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SPRINGFIELD - A House panel Tuesday approved a plan to let the state trade 2,000 acres of parkland in Perry County to make way for a resort that some believe could rival Branson, Mo. as a tourism hot spot.

Lawmakers say the proposed development, which would use land currently a part of Pyramid State Park, could generate $100 million in investment and 2,500 new jobs for the state.

In return for the land, the developer would purchase a nearby tract of equal size to keep the 19,700-acre park at roughly the same size.

State Rep. Dan Reitz, D-Steeleville said that, despite the plan advancing unanimously, the project is still a long way off.

"All this (legislation) does is gives the Department of Natural Resources the authority to look at this," he said. "It's all speculative right now."

The project is being spearheaded by the Glen Carbon-based Toney Watkins Company, which was founded to develop a "state-of-the-art destination and convention resort to cater to both the business community and families alike."

Representatives from the company directed all questions to its chief, Toney Watkins, who did not answer calls.

In addressing a panel of lawmakers, Reitz said the resort could one day boast three golf courses, an amphitheatre and a theme park.

Along with Reitz, state Sen. Dave Luechtefeld, R-Okawville, has been talking with developers about the project for over two years.

The two lawmakers say the Blagojevich administration also has been involved in the project, helping to plan road improvement projects in the region, as well as compiling a package of incentives to aid the company in its quest.

But spokesmen for a handful of agencies involved in the project would say little about the extent of that planning.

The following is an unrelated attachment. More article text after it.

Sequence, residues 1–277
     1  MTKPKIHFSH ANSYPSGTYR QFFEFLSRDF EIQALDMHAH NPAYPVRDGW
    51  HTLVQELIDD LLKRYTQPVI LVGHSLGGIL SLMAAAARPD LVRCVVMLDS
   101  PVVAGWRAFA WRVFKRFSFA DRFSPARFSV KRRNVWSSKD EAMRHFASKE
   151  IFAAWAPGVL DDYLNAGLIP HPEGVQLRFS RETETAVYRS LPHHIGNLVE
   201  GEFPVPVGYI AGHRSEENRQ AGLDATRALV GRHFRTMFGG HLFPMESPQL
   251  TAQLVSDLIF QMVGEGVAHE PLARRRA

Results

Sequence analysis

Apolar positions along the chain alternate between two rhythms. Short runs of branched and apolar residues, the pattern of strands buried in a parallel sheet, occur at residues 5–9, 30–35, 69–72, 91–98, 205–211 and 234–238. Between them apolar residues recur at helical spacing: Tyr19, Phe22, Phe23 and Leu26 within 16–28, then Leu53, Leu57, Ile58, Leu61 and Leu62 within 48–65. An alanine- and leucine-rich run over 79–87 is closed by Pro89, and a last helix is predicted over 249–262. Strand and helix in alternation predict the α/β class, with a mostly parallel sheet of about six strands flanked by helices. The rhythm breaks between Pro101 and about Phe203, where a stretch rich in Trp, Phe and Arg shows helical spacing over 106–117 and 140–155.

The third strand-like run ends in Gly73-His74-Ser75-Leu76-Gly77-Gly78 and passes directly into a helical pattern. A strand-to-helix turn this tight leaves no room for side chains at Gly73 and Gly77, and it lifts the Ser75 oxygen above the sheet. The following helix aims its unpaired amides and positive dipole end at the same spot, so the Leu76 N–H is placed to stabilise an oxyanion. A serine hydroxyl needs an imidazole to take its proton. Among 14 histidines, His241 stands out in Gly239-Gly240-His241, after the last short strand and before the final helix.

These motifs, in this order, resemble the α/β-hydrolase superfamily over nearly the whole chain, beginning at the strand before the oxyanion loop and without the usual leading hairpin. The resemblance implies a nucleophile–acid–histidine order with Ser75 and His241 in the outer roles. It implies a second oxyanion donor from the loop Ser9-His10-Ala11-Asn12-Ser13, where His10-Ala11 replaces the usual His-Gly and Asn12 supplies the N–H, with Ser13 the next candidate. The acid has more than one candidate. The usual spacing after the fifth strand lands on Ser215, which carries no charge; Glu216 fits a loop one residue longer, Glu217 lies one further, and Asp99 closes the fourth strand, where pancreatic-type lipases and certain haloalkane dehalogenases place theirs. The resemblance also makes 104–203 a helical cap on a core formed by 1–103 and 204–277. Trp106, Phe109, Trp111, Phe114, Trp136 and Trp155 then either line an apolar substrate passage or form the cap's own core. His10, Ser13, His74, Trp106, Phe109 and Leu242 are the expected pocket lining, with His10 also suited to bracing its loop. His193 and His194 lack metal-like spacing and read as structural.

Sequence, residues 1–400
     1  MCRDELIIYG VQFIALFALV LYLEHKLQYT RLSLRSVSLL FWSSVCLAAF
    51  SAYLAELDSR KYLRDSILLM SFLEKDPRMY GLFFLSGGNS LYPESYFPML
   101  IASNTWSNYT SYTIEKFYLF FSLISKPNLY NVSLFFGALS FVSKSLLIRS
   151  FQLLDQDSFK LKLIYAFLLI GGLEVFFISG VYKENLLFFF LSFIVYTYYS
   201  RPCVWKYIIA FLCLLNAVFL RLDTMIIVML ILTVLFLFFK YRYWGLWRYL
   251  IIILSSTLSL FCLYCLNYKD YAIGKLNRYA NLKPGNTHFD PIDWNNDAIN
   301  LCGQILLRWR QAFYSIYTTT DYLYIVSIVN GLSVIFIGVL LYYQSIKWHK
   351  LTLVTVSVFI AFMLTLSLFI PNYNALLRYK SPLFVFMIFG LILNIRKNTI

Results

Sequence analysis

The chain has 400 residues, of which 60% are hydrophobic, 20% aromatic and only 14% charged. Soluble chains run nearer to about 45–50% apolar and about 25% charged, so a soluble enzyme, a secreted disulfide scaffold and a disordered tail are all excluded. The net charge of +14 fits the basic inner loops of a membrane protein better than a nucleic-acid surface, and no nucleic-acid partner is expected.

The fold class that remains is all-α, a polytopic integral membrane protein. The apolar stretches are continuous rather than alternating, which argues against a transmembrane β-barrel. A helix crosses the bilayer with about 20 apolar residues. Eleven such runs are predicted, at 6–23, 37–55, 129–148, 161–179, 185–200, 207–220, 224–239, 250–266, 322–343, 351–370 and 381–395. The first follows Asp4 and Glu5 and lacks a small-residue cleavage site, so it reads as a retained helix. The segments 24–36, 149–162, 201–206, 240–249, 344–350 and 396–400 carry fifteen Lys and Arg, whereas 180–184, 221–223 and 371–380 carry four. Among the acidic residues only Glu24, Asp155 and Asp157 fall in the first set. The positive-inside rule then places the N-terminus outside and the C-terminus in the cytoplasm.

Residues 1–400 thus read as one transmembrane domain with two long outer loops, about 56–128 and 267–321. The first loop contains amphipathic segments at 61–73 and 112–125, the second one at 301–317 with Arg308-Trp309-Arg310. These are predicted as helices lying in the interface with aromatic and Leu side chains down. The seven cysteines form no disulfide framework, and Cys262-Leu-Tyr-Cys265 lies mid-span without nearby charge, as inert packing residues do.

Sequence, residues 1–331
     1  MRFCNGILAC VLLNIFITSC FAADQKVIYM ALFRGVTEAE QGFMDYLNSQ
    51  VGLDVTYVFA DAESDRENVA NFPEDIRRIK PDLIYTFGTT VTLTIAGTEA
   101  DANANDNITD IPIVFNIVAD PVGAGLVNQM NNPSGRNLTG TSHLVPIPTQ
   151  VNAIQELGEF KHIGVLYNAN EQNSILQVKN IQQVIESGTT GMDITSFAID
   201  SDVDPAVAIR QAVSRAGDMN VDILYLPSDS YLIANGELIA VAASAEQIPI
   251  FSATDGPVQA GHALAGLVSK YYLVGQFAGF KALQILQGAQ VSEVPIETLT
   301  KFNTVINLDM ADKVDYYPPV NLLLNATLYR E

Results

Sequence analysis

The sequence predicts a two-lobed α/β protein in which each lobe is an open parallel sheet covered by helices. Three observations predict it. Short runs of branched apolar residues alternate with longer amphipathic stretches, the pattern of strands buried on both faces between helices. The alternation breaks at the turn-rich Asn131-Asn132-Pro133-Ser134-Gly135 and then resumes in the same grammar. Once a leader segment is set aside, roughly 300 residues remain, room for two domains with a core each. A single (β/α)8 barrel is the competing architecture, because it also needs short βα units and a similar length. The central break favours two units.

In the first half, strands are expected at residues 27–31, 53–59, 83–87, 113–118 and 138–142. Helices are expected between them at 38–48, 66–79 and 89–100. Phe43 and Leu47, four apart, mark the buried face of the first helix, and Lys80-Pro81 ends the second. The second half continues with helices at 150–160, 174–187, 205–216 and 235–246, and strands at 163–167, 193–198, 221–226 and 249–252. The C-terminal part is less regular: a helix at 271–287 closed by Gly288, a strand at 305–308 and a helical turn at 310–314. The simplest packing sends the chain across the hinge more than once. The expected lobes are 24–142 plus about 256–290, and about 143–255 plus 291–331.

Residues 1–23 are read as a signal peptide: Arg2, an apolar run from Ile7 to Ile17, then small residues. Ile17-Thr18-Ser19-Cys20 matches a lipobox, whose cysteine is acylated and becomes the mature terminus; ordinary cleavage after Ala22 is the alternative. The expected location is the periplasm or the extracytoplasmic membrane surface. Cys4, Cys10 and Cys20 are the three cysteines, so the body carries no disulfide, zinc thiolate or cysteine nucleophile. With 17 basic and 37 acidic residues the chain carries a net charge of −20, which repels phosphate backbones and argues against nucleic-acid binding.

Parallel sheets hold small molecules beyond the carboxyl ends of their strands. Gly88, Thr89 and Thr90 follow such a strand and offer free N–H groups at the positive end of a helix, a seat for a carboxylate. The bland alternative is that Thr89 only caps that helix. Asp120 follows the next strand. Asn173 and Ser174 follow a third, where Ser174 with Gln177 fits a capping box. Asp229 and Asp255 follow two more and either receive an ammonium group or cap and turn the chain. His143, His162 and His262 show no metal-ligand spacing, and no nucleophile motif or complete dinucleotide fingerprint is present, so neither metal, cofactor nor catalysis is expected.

"We're certainly aware of the project and we're talking to the developers," said Andrew Ross, spokesman for the Illinois Department of Commerce and Economic Opportunity, which is the lead state agency on tourism and economic development issues.

"We're certainly always looking at ways to increase tourism," he said.

Ross declined to describe what types of incentives might be available.

Similarly, a spokesman for the Illinois Department of Natural Resources said the agency which oversees Pyramid State Park was still reviewing the proposal.

"We're not playing any role right now," said DNR spokesman Chris McCloud, who also couldn't say whether there was any precedent for the state to give up state park land to private developers.

Luechtefeld said the Illinois Department of Transportation, meanwhile, has been asked to review what roads would need to be widened in order to avoid choking traffic jams on the two-lane roads that crisscross the rural region.

Under one concept being discussed, Illinois 127 would be widened and a bypass would be built around Pinckneyville, which is east of the proposed site. Also being eyed as a potential interstate connector is Illinois 154, which connects Pinckneyville with Interstate 57 near Sesser.

The legislation, which now moves to the full House, is Senate Bill 778.

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